After attending Appalachian State University in Boone, N.C., Clayton got involved in national politics — working as a field organizer for the presidential campaigns of Sens. Kamala D. Harris and Warren in Iowa and then working for Amy McGrath’s Senate campaign in Kentucky ahead of the 2020 election.

“One of the things that I think that I learned from being on national campaigns is that a lot of times the national party is not looking at rural places like they should be. They’re not looking at places like Union County as a place of opportunity,” she told the crowd here. “They’re looking at it as a place of a problem. And for me, I got really frustrated with that. It was part of the thing that called me home.”

Clayton returned to North Carolina after the 2020 election and became chair of the Person County Democratic Party. During her tenure, Democrats flipped the Roxboro City Council and one state House seat. She said that she, a group of volunteers and local candidates knocked on every Democratic door in the city of about 8,000 residents to get out the vote.

She still lives in Roxboro, making the one-hour commute to party headquarters in Raleigh. Clayton also works part time as a broadband analyst for a nonprofit organization focused on rural innovation. The party chair position comes with a salary, but she says it’s not enough to get by, so she has continued to work at the nonprofit.

Clayton acknowledges that a top challenge will be raising money. In the Union County meeting, she said it takes about $114,000 per month to fund the state party, “and that’s just to keep the lights on” at the state party headquarters and keep staff employed. Her goal is to bring back a year-round organizing program, but that would essentially double the amount of money she needs to raise each month.

She also acknowledged that the party can’t turn around overnight. “This is not a two-year rebuild of our party,” she said. “This is a 10-year rebuild of our state party because we’re not just looking at 2024. We’re looking at 2030.”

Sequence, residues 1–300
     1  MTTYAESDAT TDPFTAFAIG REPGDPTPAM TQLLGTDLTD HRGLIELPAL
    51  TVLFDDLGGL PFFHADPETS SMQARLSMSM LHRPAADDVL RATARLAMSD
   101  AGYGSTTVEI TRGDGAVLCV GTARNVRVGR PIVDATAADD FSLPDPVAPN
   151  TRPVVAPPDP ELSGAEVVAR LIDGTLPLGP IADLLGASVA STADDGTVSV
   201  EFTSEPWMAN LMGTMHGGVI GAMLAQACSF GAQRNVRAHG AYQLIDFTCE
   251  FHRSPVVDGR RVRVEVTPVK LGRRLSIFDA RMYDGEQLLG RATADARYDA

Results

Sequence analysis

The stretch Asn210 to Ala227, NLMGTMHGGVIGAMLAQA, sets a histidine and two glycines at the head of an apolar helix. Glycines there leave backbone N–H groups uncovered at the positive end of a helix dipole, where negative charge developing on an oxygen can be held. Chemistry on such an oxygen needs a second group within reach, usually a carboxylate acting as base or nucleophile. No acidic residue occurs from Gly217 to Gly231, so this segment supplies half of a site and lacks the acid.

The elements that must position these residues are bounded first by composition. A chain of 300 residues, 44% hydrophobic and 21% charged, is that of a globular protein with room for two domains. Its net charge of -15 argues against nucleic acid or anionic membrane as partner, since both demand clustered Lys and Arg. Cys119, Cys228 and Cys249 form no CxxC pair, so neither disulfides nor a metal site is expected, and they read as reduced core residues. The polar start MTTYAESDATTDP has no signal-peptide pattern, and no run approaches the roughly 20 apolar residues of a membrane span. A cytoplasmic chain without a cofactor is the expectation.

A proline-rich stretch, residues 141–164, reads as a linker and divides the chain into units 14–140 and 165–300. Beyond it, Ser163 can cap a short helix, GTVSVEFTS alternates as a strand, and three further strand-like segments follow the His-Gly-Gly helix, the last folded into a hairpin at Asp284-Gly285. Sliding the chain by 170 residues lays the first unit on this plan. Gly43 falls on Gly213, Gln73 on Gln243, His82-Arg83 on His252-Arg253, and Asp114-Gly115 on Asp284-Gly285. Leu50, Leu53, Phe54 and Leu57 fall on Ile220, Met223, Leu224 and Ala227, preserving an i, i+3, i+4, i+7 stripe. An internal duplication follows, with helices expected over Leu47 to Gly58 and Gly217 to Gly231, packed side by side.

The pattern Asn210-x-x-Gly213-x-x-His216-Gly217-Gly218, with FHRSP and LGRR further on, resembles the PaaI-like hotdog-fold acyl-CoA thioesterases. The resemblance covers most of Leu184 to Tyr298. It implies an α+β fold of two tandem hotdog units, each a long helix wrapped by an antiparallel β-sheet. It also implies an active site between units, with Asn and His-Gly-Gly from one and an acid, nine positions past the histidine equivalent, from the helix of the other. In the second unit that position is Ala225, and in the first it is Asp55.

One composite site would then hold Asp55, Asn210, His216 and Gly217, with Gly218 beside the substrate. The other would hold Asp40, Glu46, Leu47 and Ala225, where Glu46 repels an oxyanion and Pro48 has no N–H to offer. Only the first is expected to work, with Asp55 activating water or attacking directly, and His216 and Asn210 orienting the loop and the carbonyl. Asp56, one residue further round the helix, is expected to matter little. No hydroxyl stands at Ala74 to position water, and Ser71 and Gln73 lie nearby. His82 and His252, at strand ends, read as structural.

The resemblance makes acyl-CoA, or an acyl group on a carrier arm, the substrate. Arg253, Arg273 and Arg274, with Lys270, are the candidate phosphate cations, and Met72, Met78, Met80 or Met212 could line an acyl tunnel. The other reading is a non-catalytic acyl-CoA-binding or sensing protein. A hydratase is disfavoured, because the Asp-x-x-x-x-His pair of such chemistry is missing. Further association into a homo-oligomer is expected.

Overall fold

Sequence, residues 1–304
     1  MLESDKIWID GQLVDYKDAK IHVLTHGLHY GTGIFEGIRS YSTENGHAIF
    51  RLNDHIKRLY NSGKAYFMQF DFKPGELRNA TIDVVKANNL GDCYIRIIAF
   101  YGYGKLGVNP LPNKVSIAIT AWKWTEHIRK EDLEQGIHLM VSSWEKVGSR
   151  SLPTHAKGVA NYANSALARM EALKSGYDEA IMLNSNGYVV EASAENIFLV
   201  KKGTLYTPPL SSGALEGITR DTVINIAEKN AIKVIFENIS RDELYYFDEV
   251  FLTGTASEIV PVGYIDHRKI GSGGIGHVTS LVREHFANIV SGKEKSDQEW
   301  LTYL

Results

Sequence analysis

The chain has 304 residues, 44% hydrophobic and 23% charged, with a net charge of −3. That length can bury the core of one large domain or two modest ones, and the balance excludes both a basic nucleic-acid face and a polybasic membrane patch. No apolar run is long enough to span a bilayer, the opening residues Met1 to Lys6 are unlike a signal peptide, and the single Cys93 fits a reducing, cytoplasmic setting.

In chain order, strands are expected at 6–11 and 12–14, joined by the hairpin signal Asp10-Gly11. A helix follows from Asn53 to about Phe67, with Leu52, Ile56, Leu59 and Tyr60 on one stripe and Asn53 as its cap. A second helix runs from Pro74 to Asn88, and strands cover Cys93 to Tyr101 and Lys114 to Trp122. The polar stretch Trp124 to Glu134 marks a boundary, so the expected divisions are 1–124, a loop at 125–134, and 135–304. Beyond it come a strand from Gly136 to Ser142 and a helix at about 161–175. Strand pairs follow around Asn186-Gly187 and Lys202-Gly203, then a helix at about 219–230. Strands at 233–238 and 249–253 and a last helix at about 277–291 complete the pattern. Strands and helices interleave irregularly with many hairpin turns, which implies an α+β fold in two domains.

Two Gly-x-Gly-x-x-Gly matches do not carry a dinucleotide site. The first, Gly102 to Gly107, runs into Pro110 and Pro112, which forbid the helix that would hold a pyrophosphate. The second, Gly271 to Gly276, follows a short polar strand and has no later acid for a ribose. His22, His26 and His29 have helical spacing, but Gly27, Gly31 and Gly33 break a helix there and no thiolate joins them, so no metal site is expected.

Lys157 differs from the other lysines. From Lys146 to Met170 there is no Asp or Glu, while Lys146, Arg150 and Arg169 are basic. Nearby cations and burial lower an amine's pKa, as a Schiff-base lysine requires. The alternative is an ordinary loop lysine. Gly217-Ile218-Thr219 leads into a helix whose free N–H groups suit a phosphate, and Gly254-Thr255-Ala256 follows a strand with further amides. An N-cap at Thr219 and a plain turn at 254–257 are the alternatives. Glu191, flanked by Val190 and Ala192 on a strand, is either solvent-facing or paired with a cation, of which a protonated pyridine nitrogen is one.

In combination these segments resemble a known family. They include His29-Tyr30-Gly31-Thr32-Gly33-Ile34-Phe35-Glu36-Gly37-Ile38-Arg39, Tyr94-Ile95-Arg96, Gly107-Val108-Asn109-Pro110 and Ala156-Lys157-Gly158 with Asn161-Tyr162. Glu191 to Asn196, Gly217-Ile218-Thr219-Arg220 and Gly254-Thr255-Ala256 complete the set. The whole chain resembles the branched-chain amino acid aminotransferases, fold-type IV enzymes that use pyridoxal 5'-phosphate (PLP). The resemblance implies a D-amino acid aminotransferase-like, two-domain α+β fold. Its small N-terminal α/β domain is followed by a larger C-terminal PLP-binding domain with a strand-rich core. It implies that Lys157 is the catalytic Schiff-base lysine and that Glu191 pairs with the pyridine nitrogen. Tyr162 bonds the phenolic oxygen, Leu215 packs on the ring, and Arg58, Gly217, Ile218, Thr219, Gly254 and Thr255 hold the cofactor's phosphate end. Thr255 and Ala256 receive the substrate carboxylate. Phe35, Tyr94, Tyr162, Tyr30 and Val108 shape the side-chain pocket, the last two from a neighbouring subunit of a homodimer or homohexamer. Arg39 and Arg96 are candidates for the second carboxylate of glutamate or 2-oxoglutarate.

Democrats in the state emphasize that North Carolina has a track record of being a purple state even if the party has struggled to win federal elections. Democrats have held the governor’s mansion for seven out of the last eight election cycles and the attorney general’s office since 1975. The current attorney general, Josh Stein, has announced his campaign for governor next year.

Clayton sees the attention she’s gotten for being the youngest state party chair as a chance to draw fresh attention to North Carolina. She’s received the numbers of several high-profile members of Congress to call them for advice. Rep. Maxwell Frost, the first Gen Z member of Congress, congratulated her in a direct message via Twitter and they’re planning a call to talk strategy.

She’s also heard from Rep. Jeff Jackson (D-N.C.), 40 — who during a recent chat over morning coffee gave her tips on how she should use TikTok — and Ken McCool, the 24-year-old mayor pro tem for the town of Matthews, a Charlotte suburb. The two of them brainstormed about getting more people their age to vote.

Ruth Helms, 81, the last Democratic county commissioner in Union County in 1990, who came to see Clayton at the member meeting, said she was thrilled to see a young woman taking the leadership role.

“When I walked in the door tonight, I was just floored with the amount of people here. It’s like what we used to be years ago,” Helms said. “It’s just wonderful to see this energy and her optimism for the future.”

After the meeting, Clayton stuck around to chat with members. She took selfies with some and offered up her email to others, asking them to stay in touch and let her know of any local issues she should have on her radar. She was among the last to leave before making her three-hour drive back to Roxboro.